Please don’t get me wrong. I’m a huge fan of social media. My addiction to Twitter, Facebook and now Snap Chat is only rivaled by my dependence on diet sodas mid-morning and white wine at bedtime. The thing is, I earned a college degree back in the stone ages when you had to actually go to a library and open a book. There was no internet. If you googled someone back then, you’d probably get slapped in the face. But even then, a cursory glance around the fraternity social would make it painfully obvious that the world is peopled with idiots. The only difference was, if we wanted to create mass hysteria, we had to get out a phone book and call all of our friends individually and hope to God we didn’t get a busy signal. It took days to plan what we would do on a Friday night and where the hell we’d meet. Heaven forbid you get the time wrong. You’d never figure out where everybody was!

Now don’t get all riled up and think I’m being mean to the younger generations. As hard as I had it in college, at least I didn’t have to walk to school in the snow, up hill both ways like my parents did. I could go on and on about how today’s college kids are more active and proactive in the direction of their own lives, our country and our world; due in large part to social media. (For instance, did you know that young Libyans organized their revolt and eventual eradication of Gaddafi via Twitter? It’s true. Google it.) It’s not just my younger counterparts who are oozing virtual oafishness. Out of my 900+ Facebook friends, it’s hard to find more than a handful of thoughtful, intelligent posts on any given day, and this likelihood decreases exponentially during football season. Sometimes, it is the older generation that leads the charge toward mindlessness. It’s called Snopes, Grandma. And if you don’t know how to use Photoshop, then you probably shouldn’t share a bunch of really unbelievable pictures that you saw on Facebook.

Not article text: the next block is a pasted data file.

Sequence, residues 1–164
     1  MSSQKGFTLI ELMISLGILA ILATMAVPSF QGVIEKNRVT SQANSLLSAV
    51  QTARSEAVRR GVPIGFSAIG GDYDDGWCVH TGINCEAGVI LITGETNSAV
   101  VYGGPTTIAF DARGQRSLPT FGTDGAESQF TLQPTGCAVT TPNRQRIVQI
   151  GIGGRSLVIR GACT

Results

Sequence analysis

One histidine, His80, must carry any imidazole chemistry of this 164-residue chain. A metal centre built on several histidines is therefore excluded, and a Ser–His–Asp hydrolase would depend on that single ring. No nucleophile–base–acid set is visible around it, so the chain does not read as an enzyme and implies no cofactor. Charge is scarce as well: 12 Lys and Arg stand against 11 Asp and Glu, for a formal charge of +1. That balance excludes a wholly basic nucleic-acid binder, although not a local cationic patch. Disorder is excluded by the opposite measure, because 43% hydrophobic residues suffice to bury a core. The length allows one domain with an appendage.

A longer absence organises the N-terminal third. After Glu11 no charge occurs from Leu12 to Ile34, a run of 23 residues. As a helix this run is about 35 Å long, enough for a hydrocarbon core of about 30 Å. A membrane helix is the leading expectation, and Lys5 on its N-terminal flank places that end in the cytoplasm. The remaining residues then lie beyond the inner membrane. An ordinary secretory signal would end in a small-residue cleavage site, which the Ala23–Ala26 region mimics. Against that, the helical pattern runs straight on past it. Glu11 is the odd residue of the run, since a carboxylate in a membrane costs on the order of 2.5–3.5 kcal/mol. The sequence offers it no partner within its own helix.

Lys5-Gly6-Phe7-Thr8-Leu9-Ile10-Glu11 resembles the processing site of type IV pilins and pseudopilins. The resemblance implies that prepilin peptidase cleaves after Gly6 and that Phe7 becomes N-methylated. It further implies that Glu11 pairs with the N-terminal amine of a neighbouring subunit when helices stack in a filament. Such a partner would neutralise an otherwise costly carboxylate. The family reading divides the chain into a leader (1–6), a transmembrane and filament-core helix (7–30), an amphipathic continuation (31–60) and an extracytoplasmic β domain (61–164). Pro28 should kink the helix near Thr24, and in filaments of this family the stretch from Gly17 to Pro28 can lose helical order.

If Betty Sue came to your house and told you that your mother had lost her leg in a freak price check incident at the Piggly Wiggly, you’d probably pick up the phone and call your mama to make sure she was okay. But if Betty Sure posted an article on FaceBook about mutant monkeys holding twelve hostage at a Wal-Mart in Tuscaloosa, fourteen people would share it coupled with their non-spell-checked commentary on the state of our world due to Obama (if you’re South of Atlanta) or Paula Deen (if you’re North of West Virginia). Is it really too much to ask that we think for 3.4 seconds before we click Like, Share or Retweet? Far be it from me to tell anyone how to live, but if you give more thought to what you want on your pizza than you do the articles, images and statements that you are exhibiting to the world as a representation of the person that you are; then you are doing it wrong.